With Katie Couric likely exiting her gig as anchor of CBS' evening newscast and "Today" co-hosts Meredith Vieira and Matt Lauer possibly wondering about how long they want to stay in their gigs with NBC, it'd be easy to think there must be something bigger going on in network news.
In journalism, three of anything is often used as a sign of a trend. But just as a cigar is sometimes just a cigar, an anchor leaving is sometimes just an anchor leaving.
With Couric, making the move away from NBC's "Today" to CBS' "Evening News" in 2006 was a big gamble. She wanted a new platform and to put herself on par with the legends of the news game who had held the chair before, including Walter Cronkite and David Brinkley.
CBS, in turn, wanted Couric to put a fresh face on a struggling broadcast. The last years of Dan Rather were mired in scandal regarding his reporting on George Bush's military service. Bob Schieffer did an admirable job stepping in after Rather, but he was not the face for a new generation of news viewer that CBS was hoping to attract.
Unfortunately, the hype about Couric was so high it was impossible for her performance to match it. As the first woman to solo anchor an evening news show, Couric herself became a story and perhaps unintentionally a distraction. Her clothes were often critiqued as much as her anchoring chops. She was barely in the job a year when whispers started that she'd leave before her contract was up. Those whispers eventually became shouts. Couric may have contributed to some of that speculation herself by participating in a few of the stories about her happiness with her gig at CBS.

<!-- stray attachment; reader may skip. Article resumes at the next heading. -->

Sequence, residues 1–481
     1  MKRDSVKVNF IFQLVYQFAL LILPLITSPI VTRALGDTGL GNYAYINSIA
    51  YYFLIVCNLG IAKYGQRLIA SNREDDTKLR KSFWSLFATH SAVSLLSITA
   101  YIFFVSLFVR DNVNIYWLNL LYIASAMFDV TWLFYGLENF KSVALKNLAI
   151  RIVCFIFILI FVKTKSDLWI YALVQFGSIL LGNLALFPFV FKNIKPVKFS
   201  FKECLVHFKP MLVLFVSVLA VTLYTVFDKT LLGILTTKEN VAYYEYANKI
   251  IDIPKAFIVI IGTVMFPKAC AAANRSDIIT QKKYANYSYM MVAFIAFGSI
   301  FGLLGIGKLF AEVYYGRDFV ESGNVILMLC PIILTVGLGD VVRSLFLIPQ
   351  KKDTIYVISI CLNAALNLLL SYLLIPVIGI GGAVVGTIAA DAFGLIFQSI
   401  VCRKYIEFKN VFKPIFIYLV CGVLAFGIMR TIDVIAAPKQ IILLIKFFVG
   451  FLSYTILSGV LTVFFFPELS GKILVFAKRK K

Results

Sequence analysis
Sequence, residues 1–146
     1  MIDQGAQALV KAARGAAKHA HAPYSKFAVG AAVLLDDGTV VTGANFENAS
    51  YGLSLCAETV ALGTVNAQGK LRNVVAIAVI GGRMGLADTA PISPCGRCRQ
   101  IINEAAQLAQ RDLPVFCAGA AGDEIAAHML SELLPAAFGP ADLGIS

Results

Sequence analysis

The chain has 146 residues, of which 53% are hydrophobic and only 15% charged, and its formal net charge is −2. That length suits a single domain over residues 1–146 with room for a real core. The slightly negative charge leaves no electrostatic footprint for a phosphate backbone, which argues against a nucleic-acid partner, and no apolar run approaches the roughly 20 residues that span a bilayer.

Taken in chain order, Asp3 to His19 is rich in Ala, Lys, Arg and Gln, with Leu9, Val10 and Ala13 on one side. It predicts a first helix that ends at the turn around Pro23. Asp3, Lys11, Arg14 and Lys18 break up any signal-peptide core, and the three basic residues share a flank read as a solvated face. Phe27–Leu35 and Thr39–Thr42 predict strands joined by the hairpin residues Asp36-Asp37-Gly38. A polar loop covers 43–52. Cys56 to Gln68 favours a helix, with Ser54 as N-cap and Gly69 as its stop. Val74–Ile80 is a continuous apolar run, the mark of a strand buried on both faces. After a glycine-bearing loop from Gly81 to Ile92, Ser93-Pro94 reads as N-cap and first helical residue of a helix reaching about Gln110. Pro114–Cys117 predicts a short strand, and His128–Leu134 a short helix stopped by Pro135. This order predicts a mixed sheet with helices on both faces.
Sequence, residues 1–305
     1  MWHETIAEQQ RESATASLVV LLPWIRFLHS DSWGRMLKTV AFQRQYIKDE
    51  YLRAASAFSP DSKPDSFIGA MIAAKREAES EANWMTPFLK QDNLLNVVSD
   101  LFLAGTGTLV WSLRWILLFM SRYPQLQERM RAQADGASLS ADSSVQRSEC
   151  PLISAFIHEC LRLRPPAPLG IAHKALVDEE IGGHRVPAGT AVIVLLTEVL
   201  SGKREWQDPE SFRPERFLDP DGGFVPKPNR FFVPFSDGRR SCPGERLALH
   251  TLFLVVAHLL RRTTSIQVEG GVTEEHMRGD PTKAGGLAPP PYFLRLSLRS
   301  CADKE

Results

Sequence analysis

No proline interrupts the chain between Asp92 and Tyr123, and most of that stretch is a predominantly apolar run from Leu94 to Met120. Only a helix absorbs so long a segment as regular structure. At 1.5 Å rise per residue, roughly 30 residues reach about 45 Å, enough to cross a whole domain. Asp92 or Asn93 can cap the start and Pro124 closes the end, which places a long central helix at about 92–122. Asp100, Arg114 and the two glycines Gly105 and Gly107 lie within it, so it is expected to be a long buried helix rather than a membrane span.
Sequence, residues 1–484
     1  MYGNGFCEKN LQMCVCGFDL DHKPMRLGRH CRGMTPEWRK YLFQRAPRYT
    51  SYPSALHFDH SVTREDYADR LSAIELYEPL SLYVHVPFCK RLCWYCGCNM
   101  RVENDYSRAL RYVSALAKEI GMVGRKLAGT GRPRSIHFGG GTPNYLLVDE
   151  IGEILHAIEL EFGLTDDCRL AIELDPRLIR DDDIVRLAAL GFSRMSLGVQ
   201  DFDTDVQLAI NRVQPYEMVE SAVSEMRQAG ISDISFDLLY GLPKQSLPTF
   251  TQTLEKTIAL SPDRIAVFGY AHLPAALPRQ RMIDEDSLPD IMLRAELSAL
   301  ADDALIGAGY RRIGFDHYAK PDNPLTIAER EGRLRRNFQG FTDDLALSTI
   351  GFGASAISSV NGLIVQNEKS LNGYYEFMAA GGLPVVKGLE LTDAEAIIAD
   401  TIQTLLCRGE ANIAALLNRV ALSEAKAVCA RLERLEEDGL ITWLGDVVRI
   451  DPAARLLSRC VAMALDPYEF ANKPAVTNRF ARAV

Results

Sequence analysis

This is not to say outside factors are the sole reason for the continuing struggles of CBS News with Couric at the anchor desk. She was not a good fit for that role and the newscast itself didn't adjust well enough to her strengths as an interviewer.
At a time when news divisions are challenged to make ends meet and find the resources to cover stories, having a $15-million-a-year anchor also seems to send the wrong message about what's important. That CBS stayed in third place didn't help in the analysis of that investment.
CBS CEO Leslie Moonves had made clear that the big paychecks would be gone and Jeff Fager, the executive producer of "60 Minutes" who is now also chairman of CBS News, seems more interested in a more meat-and-potatoes approach to news.
Now, another reality having little to do with Couric is that the business of the evening news is on the decline. The TV networks have struggled to come up with a format that is more than telling people what they've already watched on cable, read online or tweeted about. A generation that grew up on evening news at 6:30 is now growing old and a new generation does not share that same viewing habit or is even home at that time to watch.